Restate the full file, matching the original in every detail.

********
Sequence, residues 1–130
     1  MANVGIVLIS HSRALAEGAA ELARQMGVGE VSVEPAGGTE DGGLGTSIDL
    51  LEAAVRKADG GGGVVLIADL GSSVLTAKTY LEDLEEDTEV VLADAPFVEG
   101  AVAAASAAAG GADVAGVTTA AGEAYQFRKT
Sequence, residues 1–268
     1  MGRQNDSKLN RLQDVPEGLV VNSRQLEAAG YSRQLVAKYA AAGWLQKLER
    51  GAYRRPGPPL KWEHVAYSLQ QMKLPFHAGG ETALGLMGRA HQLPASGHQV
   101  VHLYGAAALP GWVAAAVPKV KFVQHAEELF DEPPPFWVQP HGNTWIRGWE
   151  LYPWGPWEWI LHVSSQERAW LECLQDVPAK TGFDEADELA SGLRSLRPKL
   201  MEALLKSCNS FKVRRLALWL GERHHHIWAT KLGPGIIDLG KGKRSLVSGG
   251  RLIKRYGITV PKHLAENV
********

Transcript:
Sequence, residues 1–130
     1  MANVGIVLIS HSRALAEGAA ELARQMGVGE VSVEPAGGTE DGGLGTSIDL
    51  LEAAVRKADG GGGVVLIADL GSSVLTAKTY LEDLEEDTEV VLADAPFVEG
   101  AVAAASAAAG GADVAGVTTA AGEAYQFRKT
Sequence, residues 1–268
     1  MGRQNDSKLN RLQDVPEGLV VNSRQLEAAG YSRQLVAKYA AAGWLQKLER
    51  GAYRRPGPPL KWEHVAYSLQ QMKLPFHAGG ETALGLMGRA HQLPASGHQV
   101  VHLYGAAALP GWVAAAVPKV KFVQHAEELF DEPPPFWVQP HGNTWIRGWE
   151  LYPWGPWEWI LHVSSQERAW LECLQDVPAK TGFDEADELA SGLRSLRPKL
   201  MEALLKSCNS FKVRRLALWL GERHHHIWAT KLGPGIIDLG KGKRSLVSGG
   251  RLIKRYGITV PKHLAENV